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Role theory concerns one of the most important features of social life, characteristic behavior patterns or roles. It explains roles by presuming that persons are members of social positions and hold expectations for their own behaviors and those of other persons. Its vocabulary and concerns are popular among social scientists and practitioners, and role concepts have generated a lot of research. At least five perspectives may be discriminated in recent work within the field: functional, symbolic interactionist, structural, organizational, and cognitive role theory. Much of role research reflects practical concerns and derived concepts, and research on four such concepts is reviewed: consensus, conformity, role conflict, and role taking. Recent developments suggest both centrifugal and integrative forces within the role field. The former reflect differing perspectival commitments of scholars, confusions and disagreements over use of role concepts, and the fact that role theory is used to analyze various f...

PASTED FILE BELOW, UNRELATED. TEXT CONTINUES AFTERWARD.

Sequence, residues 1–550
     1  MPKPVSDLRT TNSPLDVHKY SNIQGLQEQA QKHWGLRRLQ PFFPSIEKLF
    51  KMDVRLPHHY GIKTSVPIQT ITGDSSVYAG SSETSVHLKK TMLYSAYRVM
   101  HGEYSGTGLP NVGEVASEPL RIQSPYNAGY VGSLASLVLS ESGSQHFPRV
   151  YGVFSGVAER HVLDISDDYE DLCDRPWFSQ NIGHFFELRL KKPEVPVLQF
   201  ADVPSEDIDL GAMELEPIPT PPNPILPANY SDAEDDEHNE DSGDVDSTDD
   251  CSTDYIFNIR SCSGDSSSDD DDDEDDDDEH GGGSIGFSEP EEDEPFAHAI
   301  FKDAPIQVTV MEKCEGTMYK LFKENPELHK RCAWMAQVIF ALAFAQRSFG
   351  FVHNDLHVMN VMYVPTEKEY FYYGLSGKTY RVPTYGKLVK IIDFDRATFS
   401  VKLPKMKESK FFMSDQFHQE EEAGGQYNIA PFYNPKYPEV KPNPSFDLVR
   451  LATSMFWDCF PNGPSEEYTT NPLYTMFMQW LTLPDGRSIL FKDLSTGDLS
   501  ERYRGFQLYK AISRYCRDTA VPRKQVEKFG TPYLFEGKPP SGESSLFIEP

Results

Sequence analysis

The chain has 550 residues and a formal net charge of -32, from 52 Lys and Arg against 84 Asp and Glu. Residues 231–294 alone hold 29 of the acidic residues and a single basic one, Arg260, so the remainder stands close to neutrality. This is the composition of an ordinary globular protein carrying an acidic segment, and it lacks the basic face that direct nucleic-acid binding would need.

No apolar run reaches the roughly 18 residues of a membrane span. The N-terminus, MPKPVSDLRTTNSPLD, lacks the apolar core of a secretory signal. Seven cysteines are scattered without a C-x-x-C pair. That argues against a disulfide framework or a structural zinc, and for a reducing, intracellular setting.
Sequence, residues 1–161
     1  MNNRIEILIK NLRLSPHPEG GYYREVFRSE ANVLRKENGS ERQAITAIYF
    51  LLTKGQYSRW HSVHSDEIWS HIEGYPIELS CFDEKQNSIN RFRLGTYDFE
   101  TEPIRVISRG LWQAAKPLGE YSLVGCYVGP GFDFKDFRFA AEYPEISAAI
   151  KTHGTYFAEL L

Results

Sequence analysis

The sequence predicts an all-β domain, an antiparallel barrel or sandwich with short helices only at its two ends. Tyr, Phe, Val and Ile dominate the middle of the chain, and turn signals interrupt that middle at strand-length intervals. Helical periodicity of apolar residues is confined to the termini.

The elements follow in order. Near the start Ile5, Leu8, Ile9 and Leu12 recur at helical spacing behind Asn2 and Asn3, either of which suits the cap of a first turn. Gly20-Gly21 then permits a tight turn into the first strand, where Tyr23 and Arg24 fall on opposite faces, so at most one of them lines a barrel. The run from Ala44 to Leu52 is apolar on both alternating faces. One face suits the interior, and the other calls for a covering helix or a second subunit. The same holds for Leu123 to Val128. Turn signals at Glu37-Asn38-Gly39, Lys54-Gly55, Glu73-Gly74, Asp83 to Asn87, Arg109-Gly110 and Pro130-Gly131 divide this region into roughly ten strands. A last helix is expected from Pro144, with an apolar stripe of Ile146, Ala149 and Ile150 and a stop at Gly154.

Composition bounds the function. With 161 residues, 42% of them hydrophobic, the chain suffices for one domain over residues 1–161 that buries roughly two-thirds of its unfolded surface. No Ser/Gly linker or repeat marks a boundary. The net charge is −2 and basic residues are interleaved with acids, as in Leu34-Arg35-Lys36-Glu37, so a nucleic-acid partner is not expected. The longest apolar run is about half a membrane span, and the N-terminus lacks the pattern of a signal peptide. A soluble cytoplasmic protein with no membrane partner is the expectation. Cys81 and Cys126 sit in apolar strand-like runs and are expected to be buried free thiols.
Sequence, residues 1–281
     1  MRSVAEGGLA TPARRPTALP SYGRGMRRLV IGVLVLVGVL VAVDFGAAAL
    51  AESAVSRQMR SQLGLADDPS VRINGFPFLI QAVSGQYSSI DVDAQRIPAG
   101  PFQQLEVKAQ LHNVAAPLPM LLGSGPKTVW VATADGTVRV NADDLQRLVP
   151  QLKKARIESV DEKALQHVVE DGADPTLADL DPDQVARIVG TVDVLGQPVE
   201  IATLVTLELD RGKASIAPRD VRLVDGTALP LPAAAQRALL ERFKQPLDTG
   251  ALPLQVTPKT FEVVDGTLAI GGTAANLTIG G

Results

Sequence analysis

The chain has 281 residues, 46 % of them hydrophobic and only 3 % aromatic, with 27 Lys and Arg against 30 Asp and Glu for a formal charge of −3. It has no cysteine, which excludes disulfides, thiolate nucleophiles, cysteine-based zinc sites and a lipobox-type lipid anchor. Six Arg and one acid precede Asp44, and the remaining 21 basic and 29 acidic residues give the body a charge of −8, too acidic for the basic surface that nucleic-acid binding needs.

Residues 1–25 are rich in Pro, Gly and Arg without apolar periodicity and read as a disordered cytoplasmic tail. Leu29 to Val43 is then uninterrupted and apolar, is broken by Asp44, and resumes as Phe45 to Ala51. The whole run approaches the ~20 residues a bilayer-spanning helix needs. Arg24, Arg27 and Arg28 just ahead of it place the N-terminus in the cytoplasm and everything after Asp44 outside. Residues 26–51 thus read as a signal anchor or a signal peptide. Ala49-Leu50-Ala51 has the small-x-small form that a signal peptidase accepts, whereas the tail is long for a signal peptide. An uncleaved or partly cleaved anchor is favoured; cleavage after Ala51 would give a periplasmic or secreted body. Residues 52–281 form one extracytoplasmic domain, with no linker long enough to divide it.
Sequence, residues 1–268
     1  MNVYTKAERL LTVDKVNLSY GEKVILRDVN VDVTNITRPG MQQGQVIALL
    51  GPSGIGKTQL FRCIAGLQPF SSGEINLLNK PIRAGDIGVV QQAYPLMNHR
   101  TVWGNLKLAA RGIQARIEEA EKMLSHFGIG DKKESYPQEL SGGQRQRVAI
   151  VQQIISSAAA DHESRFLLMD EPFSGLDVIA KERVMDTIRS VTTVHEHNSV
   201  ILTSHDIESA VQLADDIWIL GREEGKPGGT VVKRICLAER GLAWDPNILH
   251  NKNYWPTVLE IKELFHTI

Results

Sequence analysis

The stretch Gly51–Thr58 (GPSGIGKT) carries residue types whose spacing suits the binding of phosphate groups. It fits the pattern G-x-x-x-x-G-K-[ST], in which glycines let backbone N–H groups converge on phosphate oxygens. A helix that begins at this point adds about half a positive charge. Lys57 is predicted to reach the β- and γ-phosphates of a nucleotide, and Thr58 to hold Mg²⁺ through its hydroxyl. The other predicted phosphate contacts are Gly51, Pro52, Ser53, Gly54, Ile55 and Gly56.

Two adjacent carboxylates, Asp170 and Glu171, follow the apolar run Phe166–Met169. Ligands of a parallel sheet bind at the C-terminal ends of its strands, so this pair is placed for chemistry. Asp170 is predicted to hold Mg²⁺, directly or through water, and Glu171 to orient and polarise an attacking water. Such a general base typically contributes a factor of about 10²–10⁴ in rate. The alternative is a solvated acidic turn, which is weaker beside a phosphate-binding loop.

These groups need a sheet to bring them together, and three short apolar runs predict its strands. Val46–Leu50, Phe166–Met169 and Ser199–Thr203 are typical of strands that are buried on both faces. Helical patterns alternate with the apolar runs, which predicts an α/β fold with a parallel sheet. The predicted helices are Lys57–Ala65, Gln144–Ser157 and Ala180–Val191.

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In the past 2 decades, the importance of role ambiguity as an organizational variable has been well established. Recently, researchers have suggested that the lack of an instrument capable of measuring different facets of ambiguity may have impeded both theory development and application of research results. This article presents the development of an instrument capable of tapping 3 distinct aspects of job ambiguity (work method, scheduling, and performance criteria). Data relevant to the reliability, validity, and importance of the job ambiguity measures were gathered in a series of 4 studies. The results of several statistical analyses suggest that the 3 job ambiguity scales are reliable, valid, and meaningful. (PsycINFO Database Record (c) 2012 APA, all rights reserved)
Article